Unrest In Ferguson May Speed Up Decline Of Real Estate

October 20, 2014

A grand jury has yet to decide if it will indict Darren Wilson, the police officer who fatally shot 18-year-old Michael Brown in Ferguson, Mo., this summer.

Protests over Brown’s death are ongoing in Ferguson, though they are calmer than the sometimes violent clashes that happened immediately after the shooting.

Still, many residents there are worried about public reaction once the grand jury announces its decision, and some say they’ve had enough. They’re planning to move. That could accelerate an already existing trend in the region.

If you’re taking the highway, Ferguson sits about 20 minutes northwest of downtown St. Louis, putting it in the inner ring of the northern suburbs.

A couple of generations ago, this was where the wealthier residents moved in search of better schools and bigger houses. Most lots here have single family houses built just after World War II, with tall trees and sidewalks.

Pearce Neikirk grew up here, and has watched the suburb of 20,000 shift from mostly white residents to about two-thirds black residents. He says houses here in Ferguson are more affordable than houses in suburbs further away from the city. But more affluent residents continue to move west.

“As their incomes increased, decided, well hey, I can buy something new, I can buy something bigger, I can buy something with land around it,” Neikirk says. “And so then they do of course leave.”

Neikirk, who’s a realtor here, says in the initial weeks of the protests, his phone didn’t ring at all. Neikirk allowed some of his clients to withdraw their homes from the market. Some buyers were concerned that the properties they were looking at would lose value. Realtors have sold fewer than half as many homes over the past 30 days compared to the same time last year, but it’s a slow time of year for real estate anyway.

“It’s just one of these things where no matter how we sort the MLS data or no matter how we look at the tax rolls, there’s not a picture being painted yet,” he says. “Now, I think that is going to be painted in the next 4 or 5 months.”

But resident Afrika Bryant isn’t waiting that long: “Yeah, I want to get out of here. You know?”

Bryant lives a block away from the burned-out Quik Trip gas station, which became the epicenter of many of the first protests in Ferguson. She’s a nurse and mother of four, who’s recently remarried. A few days after the Michael Brown shooting, about a dozen of her friends and family members gathered in her backyard to celebrate her wedding. But when police cracked down on protesters in the street nearby, tear gas hurled towards her sun porch.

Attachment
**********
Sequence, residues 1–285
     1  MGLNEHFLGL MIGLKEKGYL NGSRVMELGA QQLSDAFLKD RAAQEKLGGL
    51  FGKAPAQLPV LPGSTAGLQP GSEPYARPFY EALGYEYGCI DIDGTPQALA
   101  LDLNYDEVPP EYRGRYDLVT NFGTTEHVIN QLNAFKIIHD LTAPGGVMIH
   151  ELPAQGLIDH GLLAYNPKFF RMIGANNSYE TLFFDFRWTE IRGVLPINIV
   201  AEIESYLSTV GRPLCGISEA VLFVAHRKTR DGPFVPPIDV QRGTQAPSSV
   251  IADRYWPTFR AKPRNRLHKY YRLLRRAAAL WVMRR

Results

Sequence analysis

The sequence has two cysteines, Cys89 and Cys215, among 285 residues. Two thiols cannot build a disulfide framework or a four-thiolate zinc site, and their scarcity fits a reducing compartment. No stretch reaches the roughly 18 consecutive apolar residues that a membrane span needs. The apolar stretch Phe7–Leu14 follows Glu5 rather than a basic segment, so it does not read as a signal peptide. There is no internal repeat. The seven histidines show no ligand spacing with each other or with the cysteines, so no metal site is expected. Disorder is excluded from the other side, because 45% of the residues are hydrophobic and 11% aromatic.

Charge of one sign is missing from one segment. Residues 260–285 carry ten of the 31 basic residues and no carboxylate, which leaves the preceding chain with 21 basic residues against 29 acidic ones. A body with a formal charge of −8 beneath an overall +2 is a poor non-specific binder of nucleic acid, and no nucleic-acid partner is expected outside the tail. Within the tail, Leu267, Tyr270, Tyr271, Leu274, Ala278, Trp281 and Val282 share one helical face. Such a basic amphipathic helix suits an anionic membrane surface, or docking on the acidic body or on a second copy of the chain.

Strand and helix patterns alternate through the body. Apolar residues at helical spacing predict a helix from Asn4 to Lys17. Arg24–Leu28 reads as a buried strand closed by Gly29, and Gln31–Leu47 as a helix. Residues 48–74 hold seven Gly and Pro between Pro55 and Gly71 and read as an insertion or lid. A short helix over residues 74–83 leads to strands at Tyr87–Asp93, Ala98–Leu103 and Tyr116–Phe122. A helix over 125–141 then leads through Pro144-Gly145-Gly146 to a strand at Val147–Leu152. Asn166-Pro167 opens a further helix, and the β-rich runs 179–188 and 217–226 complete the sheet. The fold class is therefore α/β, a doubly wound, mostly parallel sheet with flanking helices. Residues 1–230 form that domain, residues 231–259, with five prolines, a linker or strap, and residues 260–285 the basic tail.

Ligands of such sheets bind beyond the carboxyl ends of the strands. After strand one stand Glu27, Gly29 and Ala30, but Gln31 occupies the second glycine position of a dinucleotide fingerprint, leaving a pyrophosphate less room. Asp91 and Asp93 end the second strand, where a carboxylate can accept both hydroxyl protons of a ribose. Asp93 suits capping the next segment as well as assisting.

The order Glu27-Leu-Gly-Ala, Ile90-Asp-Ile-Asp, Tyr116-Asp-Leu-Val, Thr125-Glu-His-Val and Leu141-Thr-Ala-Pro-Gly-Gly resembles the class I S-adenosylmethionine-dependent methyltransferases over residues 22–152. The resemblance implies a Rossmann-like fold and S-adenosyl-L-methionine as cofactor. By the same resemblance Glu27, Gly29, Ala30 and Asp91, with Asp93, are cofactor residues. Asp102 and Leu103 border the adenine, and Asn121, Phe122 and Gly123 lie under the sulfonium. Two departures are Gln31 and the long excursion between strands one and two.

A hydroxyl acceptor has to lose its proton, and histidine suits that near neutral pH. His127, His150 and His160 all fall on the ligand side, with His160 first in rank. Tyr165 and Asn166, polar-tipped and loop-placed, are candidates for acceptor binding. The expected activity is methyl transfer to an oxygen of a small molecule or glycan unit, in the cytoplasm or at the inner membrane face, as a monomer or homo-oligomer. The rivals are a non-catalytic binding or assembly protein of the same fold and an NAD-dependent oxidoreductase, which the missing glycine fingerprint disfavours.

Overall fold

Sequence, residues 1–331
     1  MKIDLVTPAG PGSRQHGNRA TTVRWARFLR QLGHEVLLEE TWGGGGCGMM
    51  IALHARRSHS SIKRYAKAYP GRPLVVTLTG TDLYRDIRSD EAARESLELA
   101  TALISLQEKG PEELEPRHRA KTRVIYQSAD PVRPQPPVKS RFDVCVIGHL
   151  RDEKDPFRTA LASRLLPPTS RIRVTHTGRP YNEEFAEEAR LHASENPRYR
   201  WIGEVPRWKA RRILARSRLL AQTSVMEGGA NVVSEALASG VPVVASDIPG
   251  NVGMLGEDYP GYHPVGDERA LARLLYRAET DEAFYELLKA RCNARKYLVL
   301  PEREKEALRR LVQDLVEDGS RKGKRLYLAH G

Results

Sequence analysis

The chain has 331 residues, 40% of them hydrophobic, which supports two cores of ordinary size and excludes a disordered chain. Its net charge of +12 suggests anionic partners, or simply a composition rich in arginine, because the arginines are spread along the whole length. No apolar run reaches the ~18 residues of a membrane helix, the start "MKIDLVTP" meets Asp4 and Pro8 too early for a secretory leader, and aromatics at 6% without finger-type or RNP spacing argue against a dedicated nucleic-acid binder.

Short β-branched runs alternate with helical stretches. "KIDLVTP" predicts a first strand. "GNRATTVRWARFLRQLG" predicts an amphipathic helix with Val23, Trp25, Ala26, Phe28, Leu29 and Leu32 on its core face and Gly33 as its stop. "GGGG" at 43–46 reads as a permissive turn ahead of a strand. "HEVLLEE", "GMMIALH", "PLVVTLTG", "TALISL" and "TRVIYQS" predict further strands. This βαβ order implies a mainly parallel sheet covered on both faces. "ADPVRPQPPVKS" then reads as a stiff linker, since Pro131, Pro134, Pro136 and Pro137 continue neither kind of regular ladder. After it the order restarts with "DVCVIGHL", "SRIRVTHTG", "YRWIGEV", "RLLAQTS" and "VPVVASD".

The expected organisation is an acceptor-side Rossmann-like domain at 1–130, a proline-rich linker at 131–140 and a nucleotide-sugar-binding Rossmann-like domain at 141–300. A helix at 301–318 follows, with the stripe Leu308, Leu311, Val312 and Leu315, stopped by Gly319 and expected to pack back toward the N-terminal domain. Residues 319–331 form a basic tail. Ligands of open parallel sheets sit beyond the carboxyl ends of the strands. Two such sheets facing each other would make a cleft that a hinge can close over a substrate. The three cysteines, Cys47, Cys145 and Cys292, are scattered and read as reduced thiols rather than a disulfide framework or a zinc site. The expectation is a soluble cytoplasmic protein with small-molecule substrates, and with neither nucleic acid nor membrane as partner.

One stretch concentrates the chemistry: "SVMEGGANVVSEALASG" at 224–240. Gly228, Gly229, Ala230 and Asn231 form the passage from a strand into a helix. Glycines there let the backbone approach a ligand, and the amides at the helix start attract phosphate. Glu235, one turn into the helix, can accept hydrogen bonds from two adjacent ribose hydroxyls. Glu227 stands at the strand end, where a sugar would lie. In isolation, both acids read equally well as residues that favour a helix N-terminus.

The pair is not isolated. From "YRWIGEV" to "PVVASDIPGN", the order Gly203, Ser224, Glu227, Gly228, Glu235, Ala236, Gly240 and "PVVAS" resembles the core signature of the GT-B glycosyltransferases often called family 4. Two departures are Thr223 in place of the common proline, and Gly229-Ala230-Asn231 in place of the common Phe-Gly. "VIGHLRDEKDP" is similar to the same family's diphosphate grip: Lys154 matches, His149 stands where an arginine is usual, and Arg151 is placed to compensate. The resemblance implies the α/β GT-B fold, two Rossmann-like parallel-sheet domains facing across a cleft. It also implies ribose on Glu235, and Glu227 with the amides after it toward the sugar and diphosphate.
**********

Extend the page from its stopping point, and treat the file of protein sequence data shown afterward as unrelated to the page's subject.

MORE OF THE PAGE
“I can literally show you three cans of tear gas. They were shooting rubber bullets,” Bryant says. “My neighbor, she’s like 70 years old, she’s in her backyard looking at what’s going on, they shot her.”

Bryant is now making plans to move when her lease is up in the spring.

But will there be a mass migration from Ferguson? A lot of Bryant’s neighbors have lived here for decades, and say they won’t leave under any circumstances.

University of Iowa history professor Colin Gordon studies urban sprawl in the St. Louis region, and he expects the protests to accelerate the pattern of suburbanization that was already well underway.

“What shaped the state of the city a generation ago — people reacting to the size of houses, the declining quality of schools — that’s now happening to the inner suburbs like Ferguson,” he says.

Gordon says discriminatory housing practices and zoning laws in and around St. Louis kept most black residents from moving out of the city until the ’70s and ’80s. When wealthier black families began to move into suburbs such as Ferguson, some white families moved further west. Now, Gordon says it’s more economic migration than it is white flight. When the wealthier families move out, house prices drop, and communities become affordable. But with those lower property values come other issues.

“It’s a sort of vicious cycle because schools rely on local funding. If the schools deteriorate because the local funding is falling off, what’s the response, people leave,” Gordon says.

But homeowner Brian Owens isn’t leaving. As we walk through a neighborhood near an elementary school, where he might send his kids someday, Owens says there’s an opportunity here for Ferguson, to possibly come together and address the problems that have plagued so many other cities.

“We have a responsibility to stay. A lot of those changes are hard changes, and are going to take a lot of work and a long time,” Owens says. “But, that’s OK. Because nothing worth having ever comes easy, or ever comes quickly.”

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